Most, if not all, New York residents believe that they must have a conversation with police if they have been stopped for suspicion of driving under the influence of drugs or alcohol. Although you need to answer some questions when stopped, having a full conversation with a police officer may not be in your best interest.
Police cannot force you to speak
The myth that you have to talk to police is one of the biggest ones out there. If you do talk to the police when they stop you for suspicion of DWI or DWAI, you must be honest and not lie about what you were doing or your whereabouts. In most instances, you are not legally obligated to answer all of their questions, yet there are some that you must answer.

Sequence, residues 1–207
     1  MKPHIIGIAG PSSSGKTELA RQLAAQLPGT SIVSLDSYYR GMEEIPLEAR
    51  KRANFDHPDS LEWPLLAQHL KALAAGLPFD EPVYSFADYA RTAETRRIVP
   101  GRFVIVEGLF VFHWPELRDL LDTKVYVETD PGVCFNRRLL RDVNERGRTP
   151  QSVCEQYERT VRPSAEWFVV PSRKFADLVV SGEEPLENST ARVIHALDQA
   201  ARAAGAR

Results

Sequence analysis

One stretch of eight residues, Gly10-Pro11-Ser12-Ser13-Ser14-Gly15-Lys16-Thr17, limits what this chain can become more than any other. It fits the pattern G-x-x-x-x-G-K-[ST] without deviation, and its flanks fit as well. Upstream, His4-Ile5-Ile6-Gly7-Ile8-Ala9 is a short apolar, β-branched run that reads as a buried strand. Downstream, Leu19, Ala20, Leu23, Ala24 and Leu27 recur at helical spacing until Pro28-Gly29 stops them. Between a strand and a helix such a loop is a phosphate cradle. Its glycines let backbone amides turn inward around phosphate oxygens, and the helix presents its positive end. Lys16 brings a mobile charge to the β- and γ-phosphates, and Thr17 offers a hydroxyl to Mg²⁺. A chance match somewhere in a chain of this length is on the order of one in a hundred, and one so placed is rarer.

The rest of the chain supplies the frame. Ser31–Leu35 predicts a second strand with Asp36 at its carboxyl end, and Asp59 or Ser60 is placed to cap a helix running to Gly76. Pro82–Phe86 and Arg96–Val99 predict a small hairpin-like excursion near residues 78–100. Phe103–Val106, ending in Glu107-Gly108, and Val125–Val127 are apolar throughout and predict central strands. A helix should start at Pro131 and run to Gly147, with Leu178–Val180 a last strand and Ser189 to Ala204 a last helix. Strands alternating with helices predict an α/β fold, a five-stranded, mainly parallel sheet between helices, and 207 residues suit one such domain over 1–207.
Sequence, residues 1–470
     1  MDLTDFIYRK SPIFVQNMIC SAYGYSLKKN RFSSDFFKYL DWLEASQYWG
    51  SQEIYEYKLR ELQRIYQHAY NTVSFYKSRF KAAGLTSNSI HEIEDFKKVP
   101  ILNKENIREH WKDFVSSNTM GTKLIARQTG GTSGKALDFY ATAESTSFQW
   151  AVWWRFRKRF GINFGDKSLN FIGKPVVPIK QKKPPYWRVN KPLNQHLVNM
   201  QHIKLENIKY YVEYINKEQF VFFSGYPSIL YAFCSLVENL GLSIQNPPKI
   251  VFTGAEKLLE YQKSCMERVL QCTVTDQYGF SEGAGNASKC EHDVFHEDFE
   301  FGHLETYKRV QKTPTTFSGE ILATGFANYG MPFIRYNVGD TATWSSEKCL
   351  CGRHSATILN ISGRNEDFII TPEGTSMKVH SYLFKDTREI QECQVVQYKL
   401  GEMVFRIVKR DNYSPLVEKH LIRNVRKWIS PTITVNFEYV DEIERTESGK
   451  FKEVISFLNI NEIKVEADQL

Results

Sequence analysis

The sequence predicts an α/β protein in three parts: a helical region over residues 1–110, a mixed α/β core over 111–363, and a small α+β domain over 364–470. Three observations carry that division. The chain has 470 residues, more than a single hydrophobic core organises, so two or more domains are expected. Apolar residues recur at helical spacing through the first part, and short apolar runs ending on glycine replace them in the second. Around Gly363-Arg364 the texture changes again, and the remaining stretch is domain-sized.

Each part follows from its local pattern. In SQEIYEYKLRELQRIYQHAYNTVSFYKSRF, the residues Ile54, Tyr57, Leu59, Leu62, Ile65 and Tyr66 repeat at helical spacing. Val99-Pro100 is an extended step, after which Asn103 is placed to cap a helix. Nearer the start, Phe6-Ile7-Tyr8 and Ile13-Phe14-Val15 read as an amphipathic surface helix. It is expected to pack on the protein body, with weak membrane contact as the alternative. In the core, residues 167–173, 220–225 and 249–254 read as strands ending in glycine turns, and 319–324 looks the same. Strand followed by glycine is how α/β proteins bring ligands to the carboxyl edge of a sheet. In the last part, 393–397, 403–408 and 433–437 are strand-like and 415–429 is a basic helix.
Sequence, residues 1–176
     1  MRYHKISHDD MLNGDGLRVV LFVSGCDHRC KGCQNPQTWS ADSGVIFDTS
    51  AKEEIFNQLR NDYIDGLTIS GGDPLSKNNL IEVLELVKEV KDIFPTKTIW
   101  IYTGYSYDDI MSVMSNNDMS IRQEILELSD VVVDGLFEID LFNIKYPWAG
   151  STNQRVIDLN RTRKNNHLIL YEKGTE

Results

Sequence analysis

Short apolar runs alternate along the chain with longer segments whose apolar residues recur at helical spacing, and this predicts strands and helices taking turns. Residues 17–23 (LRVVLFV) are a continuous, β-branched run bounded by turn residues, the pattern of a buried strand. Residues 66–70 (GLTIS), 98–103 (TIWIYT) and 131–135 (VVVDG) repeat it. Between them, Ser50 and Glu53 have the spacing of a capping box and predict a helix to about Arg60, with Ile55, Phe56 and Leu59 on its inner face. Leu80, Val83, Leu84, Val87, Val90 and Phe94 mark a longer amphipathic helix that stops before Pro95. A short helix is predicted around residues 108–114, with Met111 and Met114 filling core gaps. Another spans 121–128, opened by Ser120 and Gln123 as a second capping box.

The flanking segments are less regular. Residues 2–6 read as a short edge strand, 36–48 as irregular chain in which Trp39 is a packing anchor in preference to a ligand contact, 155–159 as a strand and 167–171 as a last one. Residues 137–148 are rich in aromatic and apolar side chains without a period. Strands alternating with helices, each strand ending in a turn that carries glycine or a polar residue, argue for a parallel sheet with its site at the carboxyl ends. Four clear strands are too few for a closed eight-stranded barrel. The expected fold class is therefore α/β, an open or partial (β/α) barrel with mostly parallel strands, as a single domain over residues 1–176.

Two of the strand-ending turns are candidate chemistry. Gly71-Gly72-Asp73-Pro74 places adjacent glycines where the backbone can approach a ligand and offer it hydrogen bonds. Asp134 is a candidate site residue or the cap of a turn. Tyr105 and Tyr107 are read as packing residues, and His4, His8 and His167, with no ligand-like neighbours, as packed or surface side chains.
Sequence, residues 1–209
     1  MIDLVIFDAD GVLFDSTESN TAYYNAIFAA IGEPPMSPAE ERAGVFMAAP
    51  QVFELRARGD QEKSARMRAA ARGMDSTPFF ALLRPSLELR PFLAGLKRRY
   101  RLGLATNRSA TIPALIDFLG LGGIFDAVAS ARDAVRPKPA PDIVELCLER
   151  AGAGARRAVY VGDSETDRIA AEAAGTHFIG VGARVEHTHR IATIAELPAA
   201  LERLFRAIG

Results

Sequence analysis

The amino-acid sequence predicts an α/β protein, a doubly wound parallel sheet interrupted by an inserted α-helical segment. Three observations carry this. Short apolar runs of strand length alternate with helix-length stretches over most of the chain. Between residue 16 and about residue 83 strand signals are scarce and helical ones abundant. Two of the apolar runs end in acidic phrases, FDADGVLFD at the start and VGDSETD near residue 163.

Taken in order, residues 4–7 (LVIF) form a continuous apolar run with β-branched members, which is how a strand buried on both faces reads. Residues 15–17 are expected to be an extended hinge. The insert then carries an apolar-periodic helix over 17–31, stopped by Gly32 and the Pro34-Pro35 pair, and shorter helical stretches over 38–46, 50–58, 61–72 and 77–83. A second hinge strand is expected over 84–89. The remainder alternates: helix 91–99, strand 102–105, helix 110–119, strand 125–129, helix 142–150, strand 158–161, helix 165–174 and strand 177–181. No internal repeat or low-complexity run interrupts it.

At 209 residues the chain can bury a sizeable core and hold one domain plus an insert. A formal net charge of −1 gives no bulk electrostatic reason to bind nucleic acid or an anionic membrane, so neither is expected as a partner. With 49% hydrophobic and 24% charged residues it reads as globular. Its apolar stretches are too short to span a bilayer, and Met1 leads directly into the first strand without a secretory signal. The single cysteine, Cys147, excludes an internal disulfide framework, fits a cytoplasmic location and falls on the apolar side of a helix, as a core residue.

If you have been pulled over, you must provide the police with your driver’s license and proof of insurance for your vehicle. Some areas also have proof of identity laws that require you to prove you are who you say you are. Not doing so can be a crime. Beyond these basic questions, you don’t have to answer anything else that the police ask.
What the police must tell you
Anyone arrested for suspicion of DWI or DWAI has certain rights. The police must tell you what you are being arrested for and bring you before a court as soon as possible. In New York, police are also required to allow you to make one phone call after you are arrested or the right to right to otherwise communicate with legal counsel or friends.
Selecting legal counsel is crucial whenever someone is arrested on suspicion of DWI or DWAI. If you or someone you know has been taken in on a driving charge, working with an experienced attorney may help in developing a defense.